The fourth executive director of the Oklahoma Ethics Commission will be an attorney who has worked in leadership positions for two other state agencies.
Lee Anne Bruce Boone will start her new duties Thursday, Jan. 4, the commission announced today.
She will succeed Ashley Kemp who has served as executive director the past 10 years and who announced her resignation in July. Kemp planned for her last day to be Dec. 31, but she said she would stay on the job until her successor came on board.
Ethics Commission Chairman Jarred Brejcha said Boone’s leadership skills stood out among the 14 applicants for the post. All the applicants were from Oklahoma.
“She is very professional, service-minded, and will provide great leadership for our commission,” he said.
The Ethics Commission makes the rules for ethical conduct by elected state officials, state officers and state employees. It also oversees state campaigns and lobbyist spending.
Bruce Boone currently is the chief accountability officer for the Oklahoma State Department of Health, where she coordinates audits and investigations. She also performs risk management reviews for the agency.
Before that, she served as chief of staff at the Oklahoma Department of Human Services, where she guided strategic planning and developed performance indicators to help with greater transparency.
She also has experience in fiscal management, coordinating the administration and allocation of financial resources, skills she will need at the Ethics Commission, which has been historically underfunded by the Legislature since the agency was created by voters in 1990. In addition to the executive director, the Ethics Commission currently has four employees.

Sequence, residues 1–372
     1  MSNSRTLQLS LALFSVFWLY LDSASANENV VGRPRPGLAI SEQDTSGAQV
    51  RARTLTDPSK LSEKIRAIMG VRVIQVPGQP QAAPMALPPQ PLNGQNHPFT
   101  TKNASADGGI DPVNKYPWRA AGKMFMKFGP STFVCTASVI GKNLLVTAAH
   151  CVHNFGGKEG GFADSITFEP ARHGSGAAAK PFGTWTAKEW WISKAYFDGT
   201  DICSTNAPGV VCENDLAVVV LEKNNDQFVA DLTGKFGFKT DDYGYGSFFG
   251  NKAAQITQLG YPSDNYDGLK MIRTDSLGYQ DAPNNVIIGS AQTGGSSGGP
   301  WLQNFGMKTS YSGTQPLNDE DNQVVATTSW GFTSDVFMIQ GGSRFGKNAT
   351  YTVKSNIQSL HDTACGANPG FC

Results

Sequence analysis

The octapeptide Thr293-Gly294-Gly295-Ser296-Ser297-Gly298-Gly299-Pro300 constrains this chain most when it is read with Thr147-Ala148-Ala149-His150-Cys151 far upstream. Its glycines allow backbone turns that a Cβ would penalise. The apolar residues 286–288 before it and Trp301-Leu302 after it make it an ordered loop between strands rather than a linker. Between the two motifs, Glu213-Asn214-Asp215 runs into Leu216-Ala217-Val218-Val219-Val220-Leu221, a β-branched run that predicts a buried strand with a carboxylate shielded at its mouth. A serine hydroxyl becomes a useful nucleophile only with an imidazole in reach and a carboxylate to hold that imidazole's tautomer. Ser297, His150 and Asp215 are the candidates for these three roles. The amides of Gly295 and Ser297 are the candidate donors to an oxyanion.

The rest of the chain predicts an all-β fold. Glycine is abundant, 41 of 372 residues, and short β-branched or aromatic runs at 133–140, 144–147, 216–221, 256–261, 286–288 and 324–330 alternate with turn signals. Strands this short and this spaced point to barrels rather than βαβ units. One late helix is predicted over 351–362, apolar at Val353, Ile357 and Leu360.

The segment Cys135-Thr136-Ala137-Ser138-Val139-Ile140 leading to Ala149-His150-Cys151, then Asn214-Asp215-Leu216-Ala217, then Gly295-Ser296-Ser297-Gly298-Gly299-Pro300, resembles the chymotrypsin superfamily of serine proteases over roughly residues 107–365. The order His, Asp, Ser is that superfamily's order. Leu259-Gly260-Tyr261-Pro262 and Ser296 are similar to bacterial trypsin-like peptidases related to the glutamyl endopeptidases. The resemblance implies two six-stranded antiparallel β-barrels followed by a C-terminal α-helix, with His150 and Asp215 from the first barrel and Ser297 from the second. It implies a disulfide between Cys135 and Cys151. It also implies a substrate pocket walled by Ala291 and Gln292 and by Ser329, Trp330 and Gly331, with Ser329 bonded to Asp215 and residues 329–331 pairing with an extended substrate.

The five-member Ethics Commission interviewed six of the 14 applicants on Nov. 17 and asked three of them to return for a second round of interviews on Dec. 1. After interviewing the candidates in executive session, commissioners voted 5-0 to offer the job to applicant No. 8, identified today as Lee Anne Bruce Boone.
Commissioners started the search process in July, but it was delayed after a commissioner informed Attorney General Gentner Drummond that the commission had inappropriate discussions during its July 21 meeting about job qualifications and the search process for a new executive director. Drummond had a letter hand-delivered and emailed to Kemp on Sept. 21 advising her to cancel that day’s scheduled meeting “due to clear violations of the Open Meeting Act.”
Drummond said while commissioners held a recorded vote to accept Kemp’s resignation, they took no action concerning the job posting or setting qualifications. Commissioners also failed to vote to establish a search committee and set its operating parameters in an open meeting.
“It appears that decisions concerning the search committee’s composition and directive were made behind closed doors instead of during an open meeting where the public would benefit from the discussion and understanding of the decision-making process,” he wrote.
Drummond wrote that simply referencing a search committee “upon returning to open session is wholly inadequate.”
Commissioners re-advertised the position in October and set a new deadline of Oct. 31 for applicants to apply.
The Oklahoma Ethics Commission is scheduled to meet next on Friday, Dec. 15.